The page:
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Aigai: A city in the mountains of Aeolis. History and coinage.

The ruins of the ancient Aeolian city of Aigai (Aegae in Latin) are located half a dozen kilometers from the small Turkish village of Yuntdağıköseler, on the summit of a rocky mountainous area known in antiquity as "the Mountain of the Sun."

Photo 1.- The City-Wall of Aigai. Second half of the seventh century BC.


Aigai is mentioned by Herodotus and Strabo as one of the twelve largest cities founded by the Aeolian colonists. Although its legendary foundation dates from around 1100 BC, archaeological excavations have not found any vestige prior to the 8th century BC. Its location in a mountainous area, somewhat isolated from the coast where the rest of the Aeolian cities were raised (with the exception of Temnos), was emphasized by the ancient writers, being considered the reason why Aigai never reached a degree of development comparable to that of coastal cities.

Photo 2.- The magnificent exterior wall of the Aigai public market seen from its inside. Mid 2nd century BC.


During the first half of the sixth century BC Aigai was part of the extended kingdom of Lydia. Destroyed this one by the Achaemenids Persians in 546 BC, Aigai manages to resist the subsequent Persian onslaught and to maintain its independence, a success attributable both to its rugged location, difficult to capture, and to its relative poverty, which discouraged the use of large military resources in its conquest. Hardly anything is known of the evolution of Aigai during this historical period; only that around 469 BC the great Athenian stateman Themistocles passed through Aigai during his flight from Greece to Persia, being well received by a friend of his, resident in the city, named Nikogenes.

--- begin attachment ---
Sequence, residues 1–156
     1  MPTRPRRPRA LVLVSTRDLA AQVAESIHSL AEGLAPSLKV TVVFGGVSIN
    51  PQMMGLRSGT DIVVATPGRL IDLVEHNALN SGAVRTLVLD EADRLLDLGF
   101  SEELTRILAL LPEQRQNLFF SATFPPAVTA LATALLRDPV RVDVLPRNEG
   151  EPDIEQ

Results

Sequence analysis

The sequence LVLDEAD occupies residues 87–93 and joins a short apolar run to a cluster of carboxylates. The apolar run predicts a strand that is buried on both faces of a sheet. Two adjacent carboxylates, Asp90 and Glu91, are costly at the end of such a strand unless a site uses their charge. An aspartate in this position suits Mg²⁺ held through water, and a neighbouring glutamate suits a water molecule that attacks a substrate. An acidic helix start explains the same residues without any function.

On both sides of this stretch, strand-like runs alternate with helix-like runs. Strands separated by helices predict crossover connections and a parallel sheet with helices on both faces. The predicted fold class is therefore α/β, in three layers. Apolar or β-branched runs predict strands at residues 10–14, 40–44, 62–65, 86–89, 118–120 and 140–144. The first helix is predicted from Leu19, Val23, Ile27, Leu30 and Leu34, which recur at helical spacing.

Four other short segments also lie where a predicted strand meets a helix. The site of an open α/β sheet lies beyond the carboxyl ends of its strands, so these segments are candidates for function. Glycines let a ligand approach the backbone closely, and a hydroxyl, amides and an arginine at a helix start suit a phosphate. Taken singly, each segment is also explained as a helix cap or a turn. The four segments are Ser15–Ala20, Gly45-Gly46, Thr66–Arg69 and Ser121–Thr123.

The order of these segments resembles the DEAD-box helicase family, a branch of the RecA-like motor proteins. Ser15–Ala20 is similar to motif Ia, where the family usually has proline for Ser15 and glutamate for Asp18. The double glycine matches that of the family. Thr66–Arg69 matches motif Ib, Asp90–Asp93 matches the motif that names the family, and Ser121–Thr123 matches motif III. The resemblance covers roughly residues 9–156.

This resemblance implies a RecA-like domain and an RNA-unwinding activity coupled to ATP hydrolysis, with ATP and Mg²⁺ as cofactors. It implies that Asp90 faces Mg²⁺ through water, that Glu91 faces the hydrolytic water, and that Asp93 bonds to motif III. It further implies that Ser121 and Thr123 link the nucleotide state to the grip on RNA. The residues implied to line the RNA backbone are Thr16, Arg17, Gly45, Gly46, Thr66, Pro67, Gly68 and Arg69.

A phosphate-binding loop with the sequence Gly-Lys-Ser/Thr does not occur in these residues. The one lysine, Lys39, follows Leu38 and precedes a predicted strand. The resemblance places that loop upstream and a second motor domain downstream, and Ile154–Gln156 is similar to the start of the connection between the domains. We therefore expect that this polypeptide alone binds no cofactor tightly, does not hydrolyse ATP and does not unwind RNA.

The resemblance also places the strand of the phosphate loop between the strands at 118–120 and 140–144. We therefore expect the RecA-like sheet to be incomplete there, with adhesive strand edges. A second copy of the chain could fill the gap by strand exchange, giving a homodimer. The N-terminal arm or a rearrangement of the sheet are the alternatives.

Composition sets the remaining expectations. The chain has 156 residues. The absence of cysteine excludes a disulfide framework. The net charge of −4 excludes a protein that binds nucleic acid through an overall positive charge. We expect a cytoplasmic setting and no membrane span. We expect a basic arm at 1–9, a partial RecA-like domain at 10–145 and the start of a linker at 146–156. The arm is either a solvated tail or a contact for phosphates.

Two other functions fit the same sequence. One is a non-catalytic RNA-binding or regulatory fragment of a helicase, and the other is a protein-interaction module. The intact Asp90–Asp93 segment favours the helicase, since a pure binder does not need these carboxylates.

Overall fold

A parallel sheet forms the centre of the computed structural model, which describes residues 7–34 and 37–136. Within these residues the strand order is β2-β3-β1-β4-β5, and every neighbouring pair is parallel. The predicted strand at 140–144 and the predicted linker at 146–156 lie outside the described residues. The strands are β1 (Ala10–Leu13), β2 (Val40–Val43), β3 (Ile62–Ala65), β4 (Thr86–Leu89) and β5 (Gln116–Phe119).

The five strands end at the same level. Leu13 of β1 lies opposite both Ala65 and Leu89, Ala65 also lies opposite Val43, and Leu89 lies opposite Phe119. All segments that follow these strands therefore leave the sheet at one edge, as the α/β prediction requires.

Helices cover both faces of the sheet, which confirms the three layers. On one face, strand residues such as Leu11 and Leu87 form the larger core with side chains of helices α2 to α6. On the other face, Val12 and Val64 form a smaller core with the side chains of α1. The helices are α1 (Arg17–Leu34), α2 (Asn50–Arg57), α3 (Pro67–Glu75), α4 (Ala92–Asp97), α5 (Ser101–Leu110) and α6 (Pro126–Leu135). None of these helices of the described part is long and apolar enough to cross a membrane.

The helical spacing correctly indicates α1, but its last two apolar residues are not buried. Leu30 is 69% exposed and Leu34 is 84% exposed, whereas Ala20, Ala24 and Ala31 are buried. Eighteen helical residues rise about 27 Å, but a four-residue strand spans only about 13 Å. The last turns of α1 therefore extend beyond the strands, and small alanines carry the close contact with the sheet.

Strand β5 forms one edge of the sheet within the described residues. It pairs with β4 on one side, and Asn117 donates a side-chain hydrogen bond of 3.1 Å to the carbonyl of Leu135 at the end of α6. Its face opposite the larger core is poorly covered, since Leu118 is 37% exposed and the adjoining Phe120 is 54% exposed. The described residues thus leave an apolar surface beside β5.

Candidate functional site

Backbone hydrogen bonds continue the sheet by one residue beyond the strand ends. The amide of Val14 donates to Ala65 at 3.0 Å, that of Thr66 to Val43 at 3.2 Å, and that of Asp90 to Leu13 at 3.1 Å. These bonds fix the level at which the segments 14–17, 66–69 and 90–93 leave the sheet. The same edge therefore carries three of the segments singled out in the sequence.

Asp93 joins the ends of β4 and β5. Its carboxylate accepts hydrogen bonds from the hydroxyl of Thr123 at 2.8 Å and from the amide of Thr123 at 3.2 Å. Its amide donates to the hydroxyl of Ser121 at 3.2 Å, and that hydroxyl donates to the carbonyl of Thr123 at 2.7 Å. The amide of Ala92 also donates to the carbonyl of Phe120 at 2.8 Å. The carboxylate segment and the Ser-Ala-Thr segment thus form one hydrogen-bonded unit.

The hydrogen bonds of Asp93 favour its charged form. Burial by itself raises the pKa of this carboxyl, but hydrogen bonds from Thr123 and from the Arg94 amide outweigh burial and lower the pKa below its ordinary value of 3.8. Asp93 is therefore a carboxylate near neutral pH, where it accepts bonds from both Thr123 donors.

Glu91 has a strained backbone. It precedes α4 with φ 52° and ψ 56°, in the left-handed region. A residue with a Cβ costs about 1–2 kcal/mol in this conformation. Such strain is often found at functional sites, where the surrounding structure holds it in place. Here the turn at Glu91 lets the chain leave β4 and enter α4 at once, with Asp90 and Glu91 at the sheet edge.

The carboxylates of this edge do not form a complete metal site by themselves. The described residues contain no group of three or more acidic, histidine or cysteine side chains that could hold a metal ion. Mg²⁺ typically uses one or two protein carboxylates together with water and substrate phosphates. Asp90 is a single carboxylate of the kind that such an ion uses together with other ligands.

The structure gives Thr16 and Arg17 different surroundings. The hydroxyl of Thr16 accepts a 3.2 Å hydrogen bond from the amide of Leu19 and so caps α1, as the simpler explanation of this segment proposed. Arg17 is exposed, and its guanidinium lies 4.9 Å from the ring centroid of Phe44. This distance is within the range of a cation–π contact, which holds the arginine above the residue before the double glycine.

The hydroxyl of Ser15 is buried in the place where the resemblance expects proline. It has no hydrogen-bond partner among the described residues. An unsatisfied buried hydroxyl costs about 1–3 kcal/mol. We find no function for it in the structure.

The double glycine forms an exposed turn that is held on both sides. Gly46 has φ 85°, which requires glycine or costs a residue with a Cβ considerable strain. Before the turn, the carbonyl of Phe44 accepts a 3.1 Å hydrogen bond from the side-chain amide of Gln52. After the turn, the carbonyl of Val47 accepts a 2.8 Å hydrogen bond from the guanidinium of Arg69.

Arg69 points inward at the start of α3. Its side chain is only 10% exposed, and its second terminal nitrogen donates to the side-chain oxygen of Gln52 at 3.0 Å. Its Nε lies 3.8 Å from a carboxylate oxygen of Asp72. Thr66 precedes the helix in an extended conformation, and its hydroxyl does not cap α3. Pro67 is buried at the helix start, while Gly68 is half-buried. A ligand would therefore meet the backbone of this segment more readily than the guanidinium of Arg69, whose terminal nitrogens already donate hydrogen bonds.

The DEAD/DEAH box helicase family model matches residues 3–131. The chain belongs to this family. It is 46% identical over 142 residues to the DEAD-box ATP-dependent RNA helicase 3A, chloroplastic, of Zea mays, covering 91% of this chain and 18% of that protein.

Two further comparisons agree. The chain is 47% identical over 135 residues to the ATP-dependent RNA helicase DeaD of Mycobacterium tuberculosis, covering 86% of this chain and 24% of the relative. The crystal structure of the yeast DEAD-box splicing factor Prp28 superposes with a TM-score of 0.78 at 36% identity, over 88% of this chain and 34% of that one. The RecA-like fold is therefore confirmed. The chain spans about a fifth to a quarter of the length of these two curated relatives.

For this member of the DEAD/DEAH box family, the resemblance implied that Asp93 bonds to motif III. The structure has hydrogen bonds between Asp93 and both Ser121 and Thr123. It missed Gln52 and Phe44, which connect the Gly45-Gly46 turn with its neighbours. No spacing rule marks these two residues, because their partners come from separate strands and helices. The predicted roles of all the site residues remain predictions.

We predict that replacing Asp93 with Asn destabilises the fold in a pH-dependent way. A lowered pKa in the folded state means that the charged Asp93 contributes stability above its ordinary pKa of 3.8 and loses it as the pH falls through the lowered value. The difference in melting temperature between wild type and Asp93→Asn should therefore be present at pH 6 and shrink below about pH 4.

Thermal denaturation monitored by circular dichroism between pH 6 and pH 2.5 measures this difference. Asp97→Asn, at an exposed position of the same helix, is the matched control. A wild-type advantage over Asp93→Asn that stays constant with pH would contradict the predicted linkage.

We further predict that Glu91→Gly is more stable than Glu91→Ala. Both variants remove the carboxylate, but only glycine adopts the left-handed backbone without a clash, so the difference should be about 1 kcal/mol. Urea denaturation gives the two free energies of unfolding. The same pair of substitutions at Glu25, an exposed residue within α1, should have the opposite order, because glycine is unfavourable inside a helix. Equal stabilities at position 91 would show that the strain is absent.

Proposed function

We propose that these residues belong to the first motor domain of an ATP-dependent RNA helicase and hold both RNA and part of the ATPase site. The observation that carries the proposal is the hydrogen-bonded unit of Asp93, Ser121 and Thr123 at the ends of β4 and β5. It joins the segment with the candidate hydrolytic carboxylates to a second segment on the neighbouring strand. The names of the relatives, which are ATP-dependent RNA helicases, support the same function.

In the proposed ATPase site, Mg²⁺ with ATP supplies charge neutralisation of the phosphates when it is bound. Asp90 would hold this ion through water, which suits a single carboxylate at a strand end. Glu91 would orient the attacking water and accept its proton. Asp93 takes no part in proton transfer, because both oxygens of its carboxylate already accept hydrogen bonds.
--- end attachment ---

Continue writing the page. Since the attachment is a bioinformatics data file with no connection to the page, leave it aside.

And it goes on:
Photo 3.- Row of shops of the public market of Aigai with its door and window to the outside.


The conquest of Asia Minor by Alexander the Great in 334 BC returned Aigai to the Hellenic world. Its proximity to Pergamum would take it to enter the horizon of expansion of the Attalid kingdom; thus it would happen, in fact, towards 228 BC when Aigai was snatched to the Seleucid Empire by the Pergamon monarch Attalus I. Dead Seleucus III, the defeated Seleucid monarch, in 223 BC, his successor, Antiochus III, decides to relaunch the war against Pergamum by sending Aqueo, his best general, to fight in lands of Asia Minor. The following campaign would be a success for the Seleucids, recovering most of the lost territory at the hands of Attalus I, Aigai included. However, the characteristic instability of the Seleucid throne would weaken its northern border, allowing to Attalus I to take over again the control of the northwest of Asia Minor, this time definitively (218 BC). Aigai would remain, so, as a pergamene city until the disappearance of this kingdom in 133 BC.


Photo 4.- Interior of one of the market shops, with its door and window communicating this room with the correspondent rear storage space.


The period of pergamene sovereignty was the one of greater splendor for the aeolian city so much from the economic point of view as the cultural one. Pampered by the attalid kings, Aigai was endowed with a superb set of public buildings stylistically similar to those of the capital, Pergamon. This one brought upon the city the wrath of the bithinian monarch Prusias II: embarked on a hard war against the pergamene Attalus II since 156 BC. We know from the Greek historian Polybius that the troops of Prusias II entered by blood and fire into the Aeolis, razing the fields and hitting the main cities of the region, including Aigai, to which they caused serious damage. Only the firm intervention of the Republic of Rome would end the war, restoring the borders to the existing status quo before the conflict and forcing King Prusias to pay, among other compensations, a hundred silver talents to each one of the punished cities, Aigai among them.

Photo 5.- Retaining wall that holds the terracing of the southern sector of Aigai. Hellenistic Datation.


Aigai's coinage begins at the end of the 4th century BC in response to its recent inclusion in the economic flows of the alexandrine empire. It is a bulky series of moderate size bronzes, rather monotonous as far as iconography is concerned: bust of Apollo, the tutelary deity of the city, on obverse and goat's head on the reverse. It will be necessary to wait until the II century BC to see some new types appear: the complete goat or at least its forepart, the goddess Nike, bust of Athena, etc. In figure 1 we can see, to the left, an exemplar of the Apollo / goat head type and an exemplar of the Athena / Nike type to the right.